Russia must not use UK citizens as “pawns in diplomatic chess” the foreign secretary has said, after the arrest of joint US-UK national Paul Whelan.
Jeremy Hunt said he was “extremely worried” about the former US Marine, who has been detained on suspicion of spying.
He added that “every support” is being given to the 48-year-old.
Mr Whelan’s family said he was attending a wedding, while Russia said he was “caught spying” in Moscow.
Mr Whelan was born in Canada to British parents and moved to the US as a child. He now lives in Michigan and is director of global security for automotive components supplier BorgWarner.
He has been visiting Russia for business and pleasure for more than a decade, his brother said.
His twin David said he had been told his brother was fine and looking healthy, after US ambassador to Russia Jon Huntsman visited him this week.
Mr Hunt said: “Individuals should not be used as pawns of diplomatic leverage. We need to see what these charges are against him and understand whether there is a case or not.
“We are giving every support we can, but we don’t agree with individuals being used in diplomatic chess games.
“Because it is desperately worrying, not just for the individual but their families, and we are all extremely worried about him and his family as we hear this news.”
He added that the UK had not yet had access to Mr Whelan and that the US was leading on this case.
BBC diplomatic correspondent James Landale said one Russian news agency suggested Mr Whelan was found in possession of a memory stick, allegedly containing the names of intelligence officials.
He also said there had been speculation Mr Whelan was detained so he could be exchanged with Maria Butina, a Russian gun rights activist who was jailed in the US last month.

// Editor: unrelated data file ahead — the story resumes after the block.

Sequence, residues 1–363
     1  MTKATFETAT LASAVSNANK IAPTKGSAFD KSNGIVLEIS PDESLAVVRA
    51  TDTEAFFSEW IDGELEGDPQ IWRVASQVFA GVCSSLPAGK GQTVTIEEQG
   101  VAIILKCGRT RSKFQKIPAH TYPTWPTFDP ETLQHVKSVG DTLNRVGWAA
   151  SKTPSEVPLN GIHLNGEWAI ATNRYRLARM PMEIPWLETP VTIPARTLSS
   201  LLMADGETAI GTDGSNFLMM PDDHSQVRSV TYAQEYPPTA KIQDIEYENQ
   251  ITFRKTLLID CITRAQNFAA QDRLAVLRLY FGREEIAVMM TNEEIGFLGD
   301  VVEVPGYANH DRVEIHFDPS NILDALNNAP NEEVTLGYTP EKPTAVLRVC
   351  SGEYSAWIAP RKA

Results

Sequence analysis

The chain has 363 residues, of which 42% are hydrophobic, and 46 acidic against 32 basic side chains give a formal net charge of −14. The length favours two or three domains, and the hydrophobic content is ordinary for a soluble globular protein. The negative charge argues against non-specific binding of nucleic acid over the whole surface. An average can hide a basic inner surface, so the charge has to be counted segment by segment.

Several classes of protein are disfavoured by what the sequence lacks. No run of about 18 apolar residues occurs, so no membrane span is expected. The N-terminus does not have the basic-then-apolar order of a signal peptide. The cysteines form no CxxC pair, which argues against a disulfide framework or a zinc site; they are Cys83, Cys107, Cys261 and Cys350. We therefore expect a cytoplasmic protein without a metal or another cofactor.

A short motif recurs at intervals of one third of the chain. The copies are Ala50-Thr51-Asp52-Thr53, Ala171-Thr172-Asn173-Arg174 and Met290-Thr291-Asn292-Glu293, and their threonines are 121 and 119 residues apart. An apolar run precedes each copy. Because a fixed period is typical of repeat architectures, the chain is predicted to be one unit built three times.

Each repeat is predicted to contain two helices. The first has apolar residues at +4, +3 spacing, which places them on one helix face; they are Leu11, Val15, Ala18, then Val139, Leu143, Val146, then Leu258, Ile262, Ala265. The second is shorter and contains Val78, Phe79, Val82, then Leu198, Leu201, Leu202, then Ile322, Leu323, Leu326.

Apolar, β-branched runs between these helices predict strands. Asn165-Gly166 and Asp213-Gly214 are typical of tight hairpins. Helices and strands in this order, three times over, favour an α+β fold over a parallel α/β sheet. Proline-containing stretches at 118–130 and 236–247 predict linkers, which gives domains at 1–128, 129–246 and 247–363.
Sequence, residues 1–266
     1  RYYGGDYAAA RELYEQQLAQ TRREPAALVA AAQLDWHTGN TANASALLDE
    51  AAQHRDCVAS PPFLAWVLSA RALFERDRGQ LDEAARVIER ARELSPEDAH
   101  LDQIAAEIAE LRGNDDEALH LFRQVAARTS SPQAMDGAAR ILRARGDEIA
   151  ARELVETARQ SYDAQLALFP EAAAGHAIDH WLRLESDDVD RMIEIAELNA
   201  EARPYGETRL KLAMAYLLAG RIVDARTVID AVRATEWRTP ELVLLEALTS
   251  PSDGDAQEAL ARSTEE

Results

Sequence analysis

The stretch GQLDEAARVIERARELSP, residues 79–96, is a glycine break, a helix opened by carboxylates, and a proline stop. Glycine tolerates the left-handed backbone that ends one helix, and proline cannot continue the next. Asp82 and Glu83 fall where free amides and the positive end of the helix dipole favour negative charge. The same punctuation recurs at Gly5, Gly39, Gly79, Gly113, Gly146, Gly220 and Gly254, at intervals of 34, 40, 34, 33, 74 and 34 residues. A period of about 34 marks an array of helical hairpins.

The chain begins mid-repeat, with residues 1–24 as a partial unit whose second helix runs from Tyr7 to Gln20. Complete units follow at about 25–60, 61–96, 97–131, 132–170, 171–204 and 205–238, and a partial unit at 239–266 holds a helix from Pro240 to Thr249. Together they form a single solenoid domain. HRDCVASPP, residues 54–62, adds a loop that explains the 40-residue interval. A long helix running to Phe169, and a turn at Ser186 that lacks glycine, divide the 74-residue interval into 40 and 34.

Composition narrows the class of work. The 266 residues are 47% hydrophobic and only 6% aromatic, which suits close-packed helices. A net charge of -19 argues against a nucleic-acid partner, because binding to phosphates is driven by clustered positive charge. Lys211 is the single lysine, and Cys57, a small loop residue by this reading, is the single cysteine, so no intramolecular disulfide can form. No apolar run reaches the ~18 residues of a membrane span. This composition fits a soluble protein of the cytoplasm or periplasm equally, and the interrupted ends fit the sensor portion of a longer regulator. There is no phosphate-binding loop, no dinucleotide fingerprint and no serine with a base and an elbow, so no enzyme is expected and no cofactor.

Russia and America have traded spying allegations at regular intervals since the Cold War.
Mr Whelan travelled to Russia on 22 December and planned to fly home on 6 January, but was arrested in Moscow on 28 December.
Under the charge of espionage, he could face up to 20 years in jail if found guilty.
By James Landale, diplomatic correspondent
There is much we still don’t know about the detention of Paul Whelan.
What are the precise charges against him? Did he really have a memory stick containing a list of Russian intelligence officials when he was arrested, as claimed by one Russian news agency but not thus far corroborated?
What lies behind his long-standing interest in Russia and engagement with Russian social media? And how many nationalities does he actually have – American and British, yes, but does he also have Irish and Canadian passports as well?
This lack of certainty about the facts makes Jeremy Hunt’s decision to accuse Russia of playing diplomatic chess games all the more interesting.
The foreign secretary’s remarks support the premise of speculation in the United States that Mr Whelan’s arrest is a strategic move by Moscow.
The suggestion – and it is no more than that – is that the former US marine could be exchanged for Maria Butina, a Russian woman who was jailed in the United States last month.
Moscow certainly has a track record of using individuals for unpredictable and aggressive diplomacy.
But Mr Hunt has shown that he, for now at least, is ready to respond robustly at a time when Anglo-Russian relations are still struggling to recover from last year’s poisoning incident in Salisbury.
Mr Whelan’s lawyer, Vladimir Zherebenkov, said he has appealed to the court against the detention of his client and requested he is released on bail. He added that Mr Whelan remained in good spirits.
A Foreign Office spokesman said: “Our staff have requested consular access to a British man detained in Russia after receiving a request for assistance from him.”
RTE reported that Mr Whelan also holds an Irish passport and had sought Irish consular assistance.